Malawi: Roving a Bumpy Road to Meet the MDG on Water

GEORGE MHANGO
Blantyre, Malawi
September 8, 2012

Neno District in the Southern Region of Malawi will one day lose out from development and business investment if not connected to piped water. Communities had hoped that by declaring it to be a district 10 years ago, this year, water problems would be history. On the contrary, as the area enjoys population growth, only borehole water is available on a minimal scale.

Visits to the area proved that there are three taps situated on the outskirts of the district. This hampers not only communities but institutions to deploy staff to be based there. Close to 3 000 people at the town depend on four boreholes. The whole district according to statistics obtained from the water department office has 478 boreholes.

“Most of these boreholes get damaged in the process of being overused. Maintenance is also a problem because village communities can afford to raise money just for that. It is sad that due to water related problem, some people in T/A Dambe suffered from Typhoid,” says Wyson Kuseli, who works as district water officer in Neno.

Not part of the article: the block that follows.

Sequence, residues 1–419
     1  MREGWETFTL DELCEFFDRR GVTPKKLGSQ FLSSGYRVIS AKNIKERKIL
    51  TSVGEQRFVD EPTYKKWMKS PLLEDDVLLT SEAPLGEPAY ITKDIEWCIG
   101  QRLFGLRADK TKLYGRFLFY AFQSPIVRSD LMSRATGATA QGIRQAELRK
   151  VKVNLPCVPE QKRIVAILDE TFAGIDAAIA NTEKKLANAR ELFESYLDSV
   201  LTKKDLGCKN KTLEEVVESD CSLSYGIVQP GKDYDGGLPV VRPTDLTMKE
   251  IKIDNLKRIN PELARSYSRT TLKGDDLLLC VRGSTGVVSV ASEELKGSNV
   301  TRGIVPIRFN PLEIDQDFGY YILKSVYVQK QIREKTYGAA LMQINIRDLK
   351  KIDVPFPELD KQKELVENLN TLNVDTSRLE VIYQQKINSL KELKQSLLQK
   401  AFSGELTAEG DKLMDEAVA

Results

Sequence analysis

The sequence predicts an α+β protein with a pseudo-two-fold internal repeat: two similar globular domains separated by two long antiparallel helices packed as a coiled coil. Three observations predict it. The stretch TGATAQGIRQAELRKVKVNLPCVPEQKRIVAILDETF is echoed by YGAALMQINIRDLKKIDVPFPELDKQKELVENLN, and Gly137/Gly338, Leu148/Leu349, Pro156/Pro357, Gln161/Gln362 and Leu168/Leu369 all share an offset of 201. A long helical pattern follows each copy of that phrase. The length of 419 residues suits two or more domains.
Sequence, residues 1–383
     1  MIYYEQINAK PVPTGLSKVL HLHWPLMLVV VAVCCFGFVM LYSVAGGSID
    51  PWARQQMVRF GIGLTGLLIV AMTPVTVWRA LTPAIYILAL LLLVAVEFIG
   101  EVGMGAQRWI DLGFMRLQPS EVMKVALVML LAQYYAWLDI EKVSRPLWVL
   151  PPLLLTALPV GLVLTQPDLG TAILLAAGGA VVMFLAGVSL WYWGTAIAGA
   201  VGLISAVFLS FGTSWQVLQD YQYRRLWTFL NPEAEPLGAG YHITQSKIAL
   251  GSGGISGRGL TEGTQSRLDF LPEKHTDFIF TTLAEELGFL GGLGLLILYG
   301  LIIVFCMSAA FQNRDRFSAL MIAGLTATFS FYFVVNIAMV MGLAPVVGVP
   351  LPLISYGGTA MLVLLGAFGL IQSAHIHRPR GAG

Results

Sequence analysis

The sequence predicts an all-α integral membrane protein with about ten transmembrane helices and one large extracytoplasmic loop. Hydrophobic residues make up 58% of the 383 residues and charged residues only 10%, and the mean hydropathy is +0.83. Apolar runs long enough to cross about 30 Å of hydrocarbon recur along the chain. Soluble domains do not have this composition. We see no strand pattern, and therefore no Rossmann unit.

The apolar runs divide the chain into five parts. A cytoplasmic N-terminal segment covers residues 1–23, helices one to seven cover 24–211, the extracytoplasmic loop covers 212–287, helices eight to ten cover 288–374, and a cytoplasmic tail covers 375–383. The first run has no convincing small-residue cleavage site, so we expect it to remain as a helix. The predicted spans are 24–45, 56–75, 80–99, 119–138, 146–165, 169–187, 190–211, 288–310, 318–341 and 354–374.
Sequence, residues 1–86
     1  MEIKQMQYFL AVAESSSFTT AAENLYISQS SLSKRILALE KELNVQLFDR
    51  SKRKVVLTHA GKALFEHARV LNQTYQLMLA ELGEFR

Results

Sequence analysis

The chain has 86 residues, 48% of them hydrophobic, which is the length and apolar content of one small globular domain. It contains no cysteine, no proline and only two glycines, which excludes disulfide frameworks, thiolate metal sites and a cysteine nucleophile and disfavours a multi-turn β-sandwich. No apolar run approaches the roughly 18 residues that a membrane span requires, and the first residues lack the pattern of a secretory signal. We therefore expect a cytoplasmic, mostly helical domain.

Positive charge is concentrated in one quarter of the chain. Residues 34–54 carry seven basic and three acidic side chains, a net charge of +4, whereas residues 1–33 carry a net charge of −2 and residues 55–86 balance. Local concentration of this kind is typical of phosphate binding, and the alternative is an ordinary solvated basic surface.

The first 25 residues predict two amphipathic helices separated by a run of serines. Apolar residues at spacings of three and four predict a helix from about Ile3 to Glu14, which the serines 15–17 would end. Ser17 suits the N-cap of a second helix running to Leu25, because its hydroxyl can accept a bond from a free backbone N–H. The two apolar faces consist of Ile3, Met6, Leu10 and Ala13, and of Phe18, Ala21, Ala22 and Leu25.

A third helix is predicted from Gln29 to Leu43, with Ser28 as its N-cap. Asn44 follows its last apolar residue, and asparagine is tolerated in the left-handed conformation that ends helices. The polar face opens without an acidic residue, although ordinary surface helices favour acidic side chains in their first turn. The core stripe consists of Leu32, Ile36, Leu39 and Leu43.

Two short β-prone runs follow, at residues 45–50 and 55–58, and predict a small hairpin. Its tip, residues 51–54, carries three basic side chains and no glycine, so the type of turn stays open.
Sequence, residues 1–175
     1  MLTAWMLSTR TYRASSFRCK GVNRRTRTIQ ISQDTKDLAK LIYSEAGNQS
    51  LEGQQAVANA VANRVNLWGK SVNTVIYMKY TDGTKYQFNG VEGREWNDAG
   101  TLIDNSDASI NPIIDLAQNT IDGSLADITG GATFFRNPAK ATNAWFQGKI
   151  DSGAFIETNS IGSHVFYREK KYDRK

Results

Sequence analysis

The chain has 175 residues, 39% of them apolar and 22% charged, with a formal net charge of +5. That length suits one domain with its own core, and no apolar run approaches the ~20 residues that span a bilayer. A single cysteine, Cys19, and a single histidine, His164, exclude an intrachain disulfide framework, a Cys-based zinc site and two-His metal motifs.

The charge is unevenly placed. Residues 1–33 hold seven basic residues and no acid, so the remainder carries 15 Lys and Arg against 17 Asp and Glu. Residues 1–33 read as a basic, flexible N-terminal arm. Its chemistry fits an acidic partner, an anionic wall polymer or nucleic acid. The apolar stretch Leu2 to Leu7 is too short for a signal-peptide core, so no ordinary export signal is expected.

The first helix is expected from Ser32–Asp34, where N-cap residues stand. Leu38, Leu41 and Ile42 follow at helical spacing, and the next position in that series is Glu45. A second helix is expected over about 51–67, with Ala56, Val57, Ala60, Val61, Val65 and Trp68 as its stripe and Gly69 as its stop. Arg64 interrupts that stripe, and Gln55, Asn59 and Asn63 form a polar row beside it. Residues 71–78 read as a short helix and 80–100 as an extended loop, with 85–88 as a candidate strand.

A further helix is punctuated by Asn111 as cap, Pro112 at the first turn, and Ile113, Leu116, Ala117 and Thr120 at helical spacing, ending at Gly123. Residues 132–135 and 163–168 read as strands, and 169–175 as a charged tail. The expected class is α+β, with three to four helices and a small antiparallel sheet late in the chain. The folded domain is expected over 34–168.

Water problems in developing countries are acute and complex

Although, Neno District Hospital and the Clinton-Hunter Development Initiative (CHDI) have a mini-system of pumping water, it only caters for the hospital and their respective staff because of its capacity. The system is also not enough to provide the much need water, deemed to be life among human kind.

“Most of the communities are left out with no option but queue for borehole water together with some members of staff based here,” says Group Village Headman (GVH) Chekucheku, backed by other chiefs that the whole district needs piped water. Under GVH Chekucheku there are four Village Headmen such as Donda, Nkhukuzalira, Helani and Nedi, whose subjects spend sleepless nights on how to convince government to bring portable water there.

With a population of 107 317, Neno has four Traditional Authorities such as Dambe, Chekucheku, Mlauli and Symon. Out of the total population, 58 159 are people under the age of 18, a development that symbolises growth of the town and need for planning. Women too are not amused with the situation. The Southern Region Water Board (SRWB) has since zeroed in to deal with the problem not only in Neno, but various areas in the region.

“Once funded by the World Bank in form of a grant under the National Water Development phase two, work is expected to begin and it will not take four months,” says chief executive officer for SRWB Martin Chizalema.